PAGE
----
login

Search documents

Browse topics

Document details

 
Title:
 
High Resolution Linearity Measurements of Solar Cells Using Digital Light Processing Projection
 
Author(s):
 
G. Koutsourakis, T. Eales, I. Kröger, J.C. Blakesley
 
Topic:
 
New Materials and Concepts for Photovoltaic Devices
Subtopic: Fundamental Studies
Event: 37th European Photovoltaic Solar Energy Conference and Exhibition
Session: 1AO.1.3
ISBN: 3-936338-73-6
 
Price:
 
 
0,00 EUR
 
Document(s): presentation
 

Abstract/Summary:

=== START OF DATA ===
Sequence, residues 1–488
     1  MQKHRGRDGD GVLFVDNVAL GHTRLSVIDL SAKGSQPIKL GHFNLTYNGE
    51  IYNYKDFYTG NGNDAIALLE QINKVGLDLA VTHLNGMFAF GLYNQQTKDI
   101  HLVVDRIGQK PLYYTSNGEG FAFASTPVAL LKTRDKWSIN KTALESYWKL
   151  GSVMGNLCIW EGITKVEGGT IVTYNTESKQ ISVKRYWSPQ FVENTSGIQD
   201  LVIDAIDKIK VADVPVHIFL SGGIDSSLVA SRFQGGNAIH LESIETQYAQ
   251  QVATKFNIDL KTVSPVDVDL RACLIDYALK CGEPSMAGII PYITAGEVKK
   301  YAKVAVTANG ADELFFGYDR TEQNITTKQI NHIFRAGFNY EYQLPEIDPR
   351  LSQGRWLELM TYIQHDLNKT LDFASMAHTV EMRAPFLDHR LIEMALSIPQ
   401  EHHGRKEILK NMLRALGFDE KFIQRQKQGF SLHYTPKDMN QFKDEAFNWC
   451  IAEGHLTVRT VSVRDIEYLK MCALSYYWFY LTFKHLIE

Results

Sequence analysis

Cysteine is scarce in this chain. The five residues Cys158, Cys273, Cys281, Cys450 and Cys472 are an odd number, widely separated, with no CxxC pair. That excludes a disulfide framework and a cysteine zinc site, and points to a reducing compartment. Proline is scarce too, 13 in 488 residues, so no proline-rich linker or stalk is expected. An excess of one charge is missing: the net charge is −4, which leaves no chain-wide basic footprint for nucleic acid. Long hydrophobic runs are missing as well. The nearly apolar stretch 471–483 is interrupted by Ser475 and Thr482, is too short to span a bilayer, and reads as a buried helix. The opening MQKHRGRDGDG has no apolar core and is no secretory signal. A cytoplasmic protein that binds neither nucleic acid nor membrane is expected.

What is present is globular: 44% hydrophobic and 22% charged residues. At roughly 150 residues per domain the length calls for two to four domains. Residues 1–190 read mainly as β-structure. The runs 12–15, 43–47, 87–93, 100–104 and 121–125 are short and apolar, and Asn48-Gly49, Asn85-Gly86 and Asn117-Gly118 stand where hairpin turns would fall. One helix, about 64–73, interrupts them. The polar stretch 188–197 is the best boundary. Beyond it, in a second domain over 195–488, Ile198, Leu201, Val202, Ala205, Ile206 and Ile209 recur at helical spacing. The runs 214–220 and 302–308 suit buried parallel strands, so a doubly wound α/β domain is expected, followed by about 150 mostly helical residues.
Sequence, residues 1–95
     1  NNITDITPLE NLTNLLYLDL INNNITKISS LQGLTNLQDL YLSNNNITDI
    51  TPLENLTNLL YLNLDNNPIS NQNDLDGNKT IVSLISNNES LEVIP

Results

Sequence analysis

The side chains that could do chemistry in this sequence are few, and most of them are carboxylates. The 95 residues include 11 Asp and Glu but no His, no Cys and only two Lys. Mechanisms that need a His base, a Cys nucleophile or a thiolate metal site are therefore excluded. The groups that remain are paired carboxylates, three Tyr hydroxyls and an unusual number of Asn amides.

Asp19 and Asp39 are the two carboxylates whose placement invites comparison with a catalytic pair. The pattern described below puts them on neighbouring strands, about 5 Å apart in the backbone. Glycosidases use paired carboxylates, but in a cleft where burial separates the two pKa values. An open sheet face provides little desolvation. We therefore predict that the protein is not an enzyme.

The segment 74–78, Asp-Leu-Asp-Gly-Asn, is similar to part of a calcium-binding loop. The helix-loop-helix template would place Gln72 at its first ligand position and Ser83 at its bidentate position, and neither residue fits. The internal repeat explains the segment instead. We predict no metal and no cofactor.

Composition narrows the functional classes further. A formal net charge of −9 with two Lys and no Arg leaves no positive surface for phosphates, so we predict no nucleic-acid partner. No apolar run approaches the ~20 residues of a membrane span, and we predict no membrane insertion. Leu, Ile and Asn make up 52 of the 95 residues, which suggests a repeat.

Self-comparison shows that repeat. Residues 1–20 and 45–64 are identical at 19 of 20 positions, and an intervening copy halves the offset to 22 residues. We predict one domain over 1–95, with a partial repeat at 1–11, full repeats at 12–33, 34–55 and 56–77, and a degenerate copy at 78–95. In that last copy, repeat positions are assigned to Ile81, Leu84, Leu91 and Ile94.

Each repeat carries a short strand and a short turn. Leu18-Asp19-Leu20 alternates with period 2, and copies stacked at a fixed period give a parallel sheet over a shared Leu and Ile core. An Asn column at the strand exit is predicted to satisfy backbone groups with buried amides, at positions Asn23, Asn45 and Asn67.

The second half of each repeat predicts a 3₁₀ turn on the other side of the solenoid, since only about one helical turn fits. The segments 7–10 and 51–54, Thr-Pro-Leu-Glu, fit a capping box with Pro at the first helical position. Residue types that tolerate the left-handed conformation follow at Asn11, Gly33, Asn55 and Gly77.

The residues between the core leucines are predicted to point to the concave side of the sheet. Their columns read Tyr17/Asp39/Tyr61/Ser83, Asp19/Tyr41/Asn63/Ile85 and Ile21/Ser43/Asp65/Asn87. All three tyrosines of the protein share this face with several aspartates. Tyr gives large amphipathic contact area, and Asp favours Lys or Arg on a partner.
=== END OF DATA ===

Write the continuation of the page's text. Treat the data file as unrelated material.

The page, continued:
Although solar cells are rated at Standard Testing Conditions (STC), in reality outdoor irradiance levels are highly variable and STC conditions are rarely met. Thus, it is beneficial to fully characterise the linearity of the photovoltaic (PV) devices. In addition, high accuracy linearity measurements are essential for reference cells, as they ensure the precision of the measured irradiance. This work presents a new technique for linearity measurements of PV devices based on digital light processing (DLP). Instead of using meshes, neutral density filters or a series of similar light sources, a system which utilises a Digital Micromirror Device (DMD) coupled with projection optics and high-power LEDs is used. By creating a series of projections patterns on the device under test with a specific number of bright and dark pixels, linearity measurements can be implemented through a spatial dithering process. Since the dithering process is mechanical, it is expected that any spectral effects for the different dithering levels or electrical non-linearities of the light source are avoided. The developed system can provide thousands of measurement points on the linearity curve of a device in minutes, which is impossible with any currently established methods. Measurements of reference cells with known linearity curves are acquired, measurements are also validated by conventional methods. Results demonstrate that the DLP method provides equal if not better measurement accuracy compared to conventional systems, at significantly higher resolution (points on the linearity curve) and order of magnitude higher measurement speed.